What was the most effective naval anti-aircraft gun of WW2?

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Re: What was the most effective naval anti-aircraft gun of W

Postby Bgile » Wed Feb 23, 2011 4:43 pm

I think about the same. A battleship at anchor can be hit by determined bomber crews, and it really only takes one hit from a bomb of that type to wreck the ship. Depending on what version of FC equipment the ship had, bombers might have been lost, but I still think it's likely the ship would have been hit. Fighter interception is really what was needed and apparently the German fighter command dropped the ball that day.

Also, I believe Tirpitz wasn't relying only on her own AA fire. Weren't there quite a few fixed installations as well?

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Re: What was the most effective naval anti-aircraft gun of W

Postby tommy303 » Wed Feb 23, 2011 5:30 pm

A question that has sometimes puzzled me is why the KM30 37 mm were never replaced on the Scharnhorst and Gneisenau by the faster firing 42 or 43 models as in cruisers and destroyers.


It would certainly have been frustrating to ship commanders and crews not to have the latest automatic 3,7cm Flak guns and have to rely on the older manual loaded 3,7cm Flak SK/C30. However, the problem was one of production and priorities. The Luftwaffe and Army had higher priority than the Kriegsmarine, which is understandable considering the Kriegsmarine's big ships were usually in port rather than on the front line like the ground troops, air crews and air bases, and Flak defences for the fatherland. Within the Kriegsmarine, U-boats, MTBs and destroyers had higher priorities due to their higher levels of activity. The introduction of the 42 and 43 models in sufficient numbers simply came too late for Scharnhorst and Tirpitz. Had the two ships survived longer than they did, they would probably have received the new weapons, or like the Prinz Eugen and Hipper, received the 4cm Bofors. The Bofors was the Norwegian produced version of the Swedish design and both the gun and ammunition were in limited production under German occupation. That Prinz Eugen and Hipper received the 4cm with all the attendant problems associated with spares and ammunition (being non-standard in the German arsenal), may be indicative of how hard a time German armaments industries, in particularl Rheinmetall-Borsig, were having meeting the demand.

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Re: What was the most effective naval anti-aircraft gun of W

Postby RobertsonN » Thu Feb 24, 2011 9:08 am

Thanks for information about the 'German' 40 mm. I had been under the impression the Germans used captured Polish weapons. I have read elsewhere that the Germans also purchased Oerlikons from Switzerland during the War.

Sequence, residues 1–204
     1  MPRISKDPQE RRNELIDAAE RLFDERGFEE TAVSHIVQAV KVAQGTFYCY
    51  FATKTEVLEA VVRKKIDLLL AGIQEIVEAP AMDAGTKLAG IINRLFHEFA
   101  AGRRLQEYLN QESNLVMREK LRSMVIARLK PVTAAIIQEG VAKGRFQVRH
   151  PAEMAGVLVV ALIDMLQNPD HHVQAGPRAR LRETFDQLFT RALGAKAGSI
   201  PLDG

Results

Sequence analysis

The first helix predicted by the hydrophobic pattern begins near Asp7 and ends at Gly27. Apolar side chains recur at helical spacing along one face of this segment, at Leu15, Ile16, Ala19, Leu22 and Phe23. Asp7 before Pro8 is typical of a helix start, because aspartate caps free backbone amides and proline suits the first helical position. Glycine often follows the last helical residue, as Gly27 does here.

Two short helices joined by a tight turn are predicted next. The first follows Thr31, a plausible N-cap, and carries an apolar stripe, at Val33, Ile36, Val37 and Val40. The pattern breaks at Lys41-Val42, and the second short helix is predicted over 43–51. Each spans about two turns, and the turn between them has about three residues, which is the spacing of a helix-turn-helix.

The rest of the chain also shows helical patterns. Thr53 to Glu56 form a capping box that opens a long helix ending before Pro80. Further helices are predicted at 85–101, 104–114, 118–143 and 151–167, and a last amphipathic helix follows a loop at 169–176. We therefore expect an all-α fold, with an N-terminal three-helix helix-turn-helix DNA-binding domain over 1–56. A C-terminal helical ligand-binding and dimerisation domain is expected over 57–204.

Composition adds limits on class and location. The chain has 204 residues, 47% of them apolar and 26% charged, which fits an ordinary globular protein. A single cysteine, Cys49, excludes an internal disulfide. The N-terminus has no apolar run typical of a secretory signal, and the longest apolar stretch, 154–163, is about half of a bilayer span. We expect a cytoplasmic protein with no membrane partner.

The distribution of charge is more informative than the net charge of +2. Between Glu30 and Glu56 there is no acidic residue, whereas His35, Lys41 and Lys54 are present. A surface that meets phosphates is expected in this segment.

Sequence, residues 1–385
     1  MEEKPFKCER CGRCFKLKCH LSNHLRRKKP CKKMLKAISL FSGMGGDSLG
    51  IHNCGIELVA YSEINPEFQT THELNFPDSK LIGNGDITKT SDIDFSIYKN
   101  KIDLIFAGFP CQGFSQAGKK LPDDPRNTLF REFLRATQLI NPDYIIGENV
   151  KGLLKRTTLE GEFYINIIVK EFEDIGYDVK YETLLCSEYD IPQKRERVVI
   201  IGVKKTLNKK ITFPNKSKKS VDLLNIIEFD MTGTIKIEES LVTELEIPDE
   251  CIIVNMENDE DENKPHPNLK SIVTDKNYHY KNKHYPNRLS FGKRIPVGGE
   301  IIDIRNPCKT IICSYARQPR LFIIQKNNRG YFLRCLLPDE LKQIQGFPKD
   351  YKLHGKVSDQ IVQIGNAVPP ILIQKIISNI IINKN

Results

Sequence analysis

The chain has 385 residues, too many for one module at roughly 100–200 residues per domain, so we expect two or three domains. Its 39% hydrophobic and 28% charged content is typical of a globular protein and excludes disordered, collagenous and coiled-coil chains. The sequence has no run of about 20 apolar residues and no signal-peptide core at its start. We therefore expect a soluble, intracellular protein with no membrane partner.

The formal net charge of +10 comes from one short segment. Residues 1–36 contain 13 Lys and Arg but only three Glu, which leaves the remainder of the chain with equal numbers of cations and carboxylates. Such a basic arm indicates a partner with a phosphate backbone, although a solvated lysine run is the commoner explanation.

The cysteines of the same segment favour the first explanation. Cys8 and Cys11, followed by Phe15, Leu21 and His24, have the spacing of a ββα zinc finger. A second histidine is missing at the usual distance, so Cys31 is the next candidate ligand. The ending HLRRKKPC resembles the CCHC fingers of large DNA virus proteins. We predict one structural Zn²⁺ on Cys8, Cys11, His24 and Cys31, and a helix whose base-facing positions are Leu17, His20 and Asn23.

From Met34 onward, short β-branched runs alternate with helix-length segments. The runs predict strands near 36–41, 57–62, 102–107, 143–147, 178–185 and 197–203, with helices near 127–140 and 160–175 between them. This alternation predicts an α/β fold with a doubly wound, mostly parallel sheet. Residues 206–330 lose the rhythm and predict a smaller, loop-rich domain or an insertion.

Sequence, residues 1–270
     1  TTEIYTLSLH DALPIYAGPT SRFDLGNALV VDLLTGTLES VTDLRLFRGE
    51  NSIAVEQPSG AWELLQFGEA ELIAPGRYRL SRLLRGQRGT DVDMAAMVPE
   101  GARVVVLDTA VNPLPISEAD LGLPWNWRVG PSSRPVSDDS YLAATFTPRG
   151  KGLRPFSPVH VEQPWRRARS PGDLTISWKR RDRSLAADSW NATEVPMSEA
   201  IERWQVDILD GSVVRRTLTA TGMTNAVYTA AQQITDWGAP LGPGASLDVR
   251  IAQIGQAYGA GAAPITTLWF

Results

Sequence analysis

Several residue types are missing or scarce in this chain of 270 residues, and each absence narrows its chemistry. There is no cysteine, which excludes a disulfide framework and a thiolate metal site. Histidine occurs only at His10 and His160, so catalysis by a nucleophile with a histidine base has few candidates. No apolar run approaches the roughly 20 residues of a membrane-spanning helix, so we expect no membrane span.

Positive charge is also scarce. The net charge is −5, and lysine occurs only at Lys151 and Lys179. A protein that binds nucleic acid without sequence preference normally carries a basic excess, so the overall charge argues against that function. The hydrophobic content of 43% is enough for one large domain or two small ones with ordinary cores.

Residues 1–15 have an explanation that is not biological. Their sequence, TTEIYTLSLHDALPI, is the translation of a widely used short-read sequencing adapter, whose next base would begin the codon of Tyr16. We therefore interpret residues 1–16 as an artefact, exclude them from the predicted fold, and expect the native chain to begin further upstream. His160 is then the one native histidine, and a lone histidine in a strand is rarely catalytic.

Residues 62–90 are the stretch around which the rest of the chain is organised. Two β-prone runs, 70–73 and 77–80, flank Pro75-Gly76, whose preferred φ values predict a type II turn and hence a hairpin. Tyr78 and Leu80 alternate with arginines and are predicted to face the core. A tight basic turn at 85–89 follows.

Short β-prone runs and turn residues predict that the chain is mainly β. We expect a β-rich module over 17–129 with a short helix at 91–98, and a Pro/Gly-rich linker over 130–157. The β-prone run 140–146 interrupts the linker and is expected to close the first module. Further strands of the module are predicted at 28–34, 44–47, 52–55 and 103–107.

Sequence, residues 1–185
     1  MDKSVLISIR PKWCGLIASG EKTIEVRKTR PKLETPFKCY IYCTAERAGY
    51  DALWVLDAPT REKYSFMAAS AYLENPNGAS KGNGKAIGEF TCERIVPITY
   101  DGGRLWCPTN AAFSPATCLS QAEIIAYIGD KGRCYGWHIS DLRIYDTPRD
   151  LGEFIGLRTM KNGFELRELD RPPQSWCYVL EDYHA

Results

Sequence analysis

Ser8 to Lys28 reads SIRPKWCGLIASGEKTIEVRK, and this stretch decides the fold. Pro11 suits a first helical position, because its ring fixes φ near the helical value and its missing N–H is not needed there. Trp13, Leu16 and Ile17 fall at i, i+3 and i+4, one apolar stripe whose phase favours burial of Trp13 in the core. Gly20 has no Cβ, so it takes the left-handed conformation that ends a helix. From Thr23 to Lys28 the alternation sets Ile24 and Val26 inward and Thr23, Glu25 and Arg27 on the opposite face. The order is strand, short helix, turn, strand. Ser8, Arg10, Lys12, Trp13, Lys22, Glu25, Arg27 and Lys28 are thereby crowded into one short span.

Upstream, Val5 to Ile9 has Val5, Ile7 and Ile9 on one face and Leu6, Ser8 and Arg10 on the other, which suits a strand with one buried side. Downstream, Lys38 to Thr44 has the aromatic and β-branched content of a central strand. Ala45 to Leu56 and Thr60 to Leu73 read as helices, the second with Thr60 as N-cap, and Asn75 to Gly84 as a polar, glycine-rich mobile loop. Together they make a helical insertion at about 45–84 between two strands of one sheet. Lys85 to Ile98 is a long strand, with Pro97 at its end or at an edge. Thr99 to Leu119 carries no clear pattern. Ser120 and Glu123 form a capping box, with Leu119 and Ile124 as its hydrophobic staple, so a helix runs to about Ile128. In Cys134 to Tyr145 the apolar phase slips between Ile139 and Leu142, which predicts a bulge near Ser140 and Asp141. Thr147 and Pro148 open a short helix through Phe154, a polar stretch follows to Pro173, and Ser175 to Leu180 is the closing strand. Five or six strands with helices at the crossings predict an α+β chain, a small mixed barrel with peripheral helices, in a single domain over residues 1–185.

As far as supplementary AA on the final attack, it is likely that the two 'AA cruisers', old Norwegian ships on which the Germans had mounted six of the smaller type 4.1 in guns with elevation up to 70 deg, were still with the Tirpitz. There may have been shore fire as well. So the total number of shells fired was probably well over the number I estimated. A look at the Bomber Command War Diary site shows that no aircraft were lost over the target on any of the three Tallboy raids. However, on each of the last two raids one Lancaster was badly damaged by Flak and forced to land in Sweden. These planes would be counted as losses. So there were minimal losses even though no planes were shot down. No doubt you will have seen the excellent US Newsreel films (5 in number) about the attacks on the Tirpitz. That the RAF modified Lancasters (with different engines) for the last two raids and that there was one Lancater per Tallboy raid that had just a film team on it shows that the Tirpitz, whatever its military value by then, was still a prestige target.
Some sites, in discussions about Japanese aircraft suggest that because they did not have self-sealing fuel tanks that they more easily caught fire and were lost. Was it the US experience that it was easier to shoot down aircraft in the Pacific as opposed to the European theatre?

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Re: What was the most effective naval anti-aircraft gun of W

Postby Bgile » Thu Feb 24, 2011 3:33 pm

RobertsonN wrote:Some sites, in discussions about Japanese aircraft suggest that because they did not have self-sealing fuel tanks that they more easily caught fire and were lost. Was it the US experience that it was easier to shoot down aircraft in the Pacific as opposed to the European theatre?


That has been my impression. For much of the war Japanese aircraft lacked self sealing fuel tanks and armor.

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Re: What was the most effective naval anti-aircraft gun of W

Postby tommy303 » Thu Feb 24, 2011 7:38 pm

I have read elsewhere that the Germans also purchased Oerlikons from Switzerland during the War.


Yes. The two main purchasers of the Oerlikon were the Army and the Luftwaffe. Army designation was Flak 28 or 29, while the Luftwaffe purchased theirs for aircraft armament under the designation 2cm MG/FF. Once the Army had sufficient numbers of 2cm Flak 38s on hand, they handed their stocks of Oerlikons over to the Navy which used them on a number of small vessels, but not apparently on any of the major warships. This is understandable, as the 2cm ammunition used in the Oerlikon was not interchangeable with ammunition for the Flak 30 and Flak 38.

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Re: What was the most effective naval anti-aircraft gun of W